let domestic violence victims be damned

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by WriteHers' Elena Botella

Duke alum and State Senator Austin Allran proposes a mandatory 2-year wait period before divorce, let domestic violence victims be damned

You know how us liberals are always like: “Republicans are so hypocritical, because they’re all up in arms about gay marriage, but don’t seem to care about divorce, even though the Bible is quite clear in its injunction against divorce?”

Well, apparently, there are some Republicans who are freaked out about divorce.  North Carolina State Senator Austin Allran, a Duke alum who represents western North Carolina has just proposed the beautifully named “Healthy Marriages Act,” which would require couples to fulfill a two-year wait period between stating their intention to divorce and actually divorcing, and to take courses to improve their communication skills. 

The only exceptions for are some slight tweaks for those who move in or out of the state of North Carolina.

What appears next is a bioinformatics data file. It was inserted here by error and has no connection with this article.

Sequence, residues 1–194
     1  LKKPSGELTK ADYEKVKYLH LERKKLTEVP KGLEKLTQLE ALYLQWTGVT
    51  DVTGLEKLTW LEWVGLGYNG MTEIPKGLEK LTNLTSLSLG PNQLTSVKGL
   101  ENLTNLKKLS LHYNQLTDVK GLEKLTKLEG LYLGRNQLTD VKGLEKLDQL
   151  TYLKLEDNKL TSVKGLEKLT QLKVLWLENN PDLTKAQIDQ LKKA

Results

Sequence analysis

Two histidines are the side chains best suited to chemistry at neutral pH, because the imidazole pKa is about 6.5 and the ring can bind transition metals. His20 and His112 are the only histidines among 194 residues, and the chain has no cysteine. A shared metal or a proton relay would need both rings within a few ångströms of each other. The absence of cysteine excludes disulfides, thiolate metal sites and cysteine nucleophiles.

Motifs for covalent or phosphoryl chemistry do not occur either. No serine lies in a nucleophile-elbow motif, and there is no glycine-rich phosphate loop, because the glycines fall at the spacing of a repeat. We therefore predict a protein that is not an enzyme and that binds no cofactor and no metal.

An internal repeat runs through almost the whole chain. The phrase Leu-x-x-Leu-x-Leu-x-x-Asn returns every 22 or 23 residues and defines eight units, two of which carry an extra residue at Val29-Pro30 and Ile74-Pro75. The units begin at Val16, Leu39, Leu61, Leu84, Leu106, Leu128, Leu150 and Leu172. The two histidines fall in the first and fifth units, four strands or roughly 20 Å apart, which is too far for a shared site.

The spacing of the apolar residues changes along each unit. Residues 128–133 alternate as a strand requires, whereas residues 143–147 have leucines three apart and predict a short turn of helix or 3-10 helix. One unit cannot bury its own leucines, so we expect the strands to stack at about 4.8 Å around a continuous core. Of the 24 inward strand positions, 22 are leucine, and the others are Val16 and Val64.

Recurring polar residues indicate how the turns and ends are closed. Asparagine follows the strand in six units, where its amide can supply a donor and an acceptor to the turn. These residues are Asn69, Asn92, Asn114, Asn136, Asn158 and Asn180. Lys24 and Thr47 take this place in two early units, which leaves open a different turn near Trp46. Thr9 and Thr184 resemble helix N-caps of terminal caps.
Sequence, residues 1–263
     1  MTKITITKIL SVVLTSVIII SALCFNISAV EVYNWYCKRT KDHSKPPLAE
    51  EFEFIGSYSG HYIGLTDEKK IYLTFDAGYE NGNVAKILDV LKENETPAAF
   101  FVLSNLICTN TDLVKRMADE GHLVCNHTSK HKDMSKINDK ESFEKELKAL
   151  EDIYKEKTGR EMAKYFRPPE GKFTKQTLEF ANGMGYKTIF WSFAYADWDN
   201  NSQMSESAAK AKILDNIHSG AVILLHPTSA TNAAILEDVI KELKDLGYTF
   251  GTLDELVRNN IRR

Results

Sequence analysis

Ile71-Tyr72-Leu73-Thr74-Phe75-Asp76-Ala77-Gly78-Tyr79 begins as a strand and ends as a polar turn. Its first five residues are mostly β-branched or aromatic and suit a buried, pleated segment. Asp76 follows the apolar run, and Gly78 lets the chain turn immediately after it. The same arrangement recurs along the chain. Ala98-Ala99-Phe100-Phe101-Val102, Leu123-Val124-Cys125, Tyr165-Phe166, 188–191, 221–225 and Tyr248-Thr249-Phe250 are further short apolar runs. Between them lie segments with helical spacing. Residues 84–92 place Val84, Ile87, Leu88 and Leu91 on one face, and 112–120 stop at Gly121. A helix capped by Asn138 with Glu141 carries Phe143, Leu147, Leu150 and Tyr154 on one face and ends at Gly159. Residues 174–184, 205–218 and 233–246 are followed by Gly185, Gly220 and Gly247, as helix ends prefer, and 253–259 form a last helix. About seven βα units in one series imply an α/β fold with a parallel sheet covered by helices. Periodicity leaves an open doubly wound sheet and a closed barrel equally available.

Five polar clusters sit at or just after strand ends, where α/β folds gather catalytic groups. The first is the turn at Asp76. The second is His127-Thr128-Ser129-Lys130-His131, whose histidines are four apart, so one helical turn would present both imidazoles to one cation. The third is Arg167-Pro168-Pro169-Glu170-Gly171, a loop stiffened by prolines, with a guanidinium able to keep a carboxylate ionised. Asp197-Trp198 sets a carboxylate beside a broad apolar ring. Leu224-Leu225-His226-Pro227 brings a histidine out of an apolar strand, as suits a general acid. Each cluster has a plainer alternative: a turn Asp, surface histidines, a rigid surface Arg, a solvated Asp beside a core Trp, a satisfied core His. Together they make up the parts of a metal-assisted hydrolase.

This bill is ludicrous for any number of reasons, but is also quite literally dangerous. 

Senator Austin Allran, are you really suggesting to me that if a woman (or man) is being physically or emotionally abused by their spouse, that they need to “wait it out” for two years?   When a couple divorces, they divide up their marital assets.  Let’s say a woman walks out on her abusive husband and leaves the home they own together.  If she can’t get divorced, she may be required to continue to pay the mortgage of the house she has escaped.  She should be entitled to half of the value of the house, which she could use towards finding new housing for herself (and for her children), but if she can’t get a divorce, it’s much more likely that she will struggle to make ends meet—maybe even ending up on the streets. 

Here are some reasons why a divorce could be important if either partner is abusive, unstable, or doesn't have the best interests of his/her partner in mind:

-         To be able to start custody proceedings

-         So that the spouse won’t be able to make health care decisions on the other’s behalf if one is incapacitated

-         To begin qualifying for alimony

I’m definitely not arguing that we should keep Senator Allran’s law and just make exceptions for victims of abuse.  Instead, by thinking about those who would be most adversely effected by the “Healthy Marriage Act,” we are better able to see the myopia of a North Carolina General Assembly that seems to have no regard for how its policies will impact the worst-off in our state. In the words of Dr. Willie Jennings from the Duke Divinity School, we must be asking our legislators: “Will you try to see the effects of your proposals on those already in need?”

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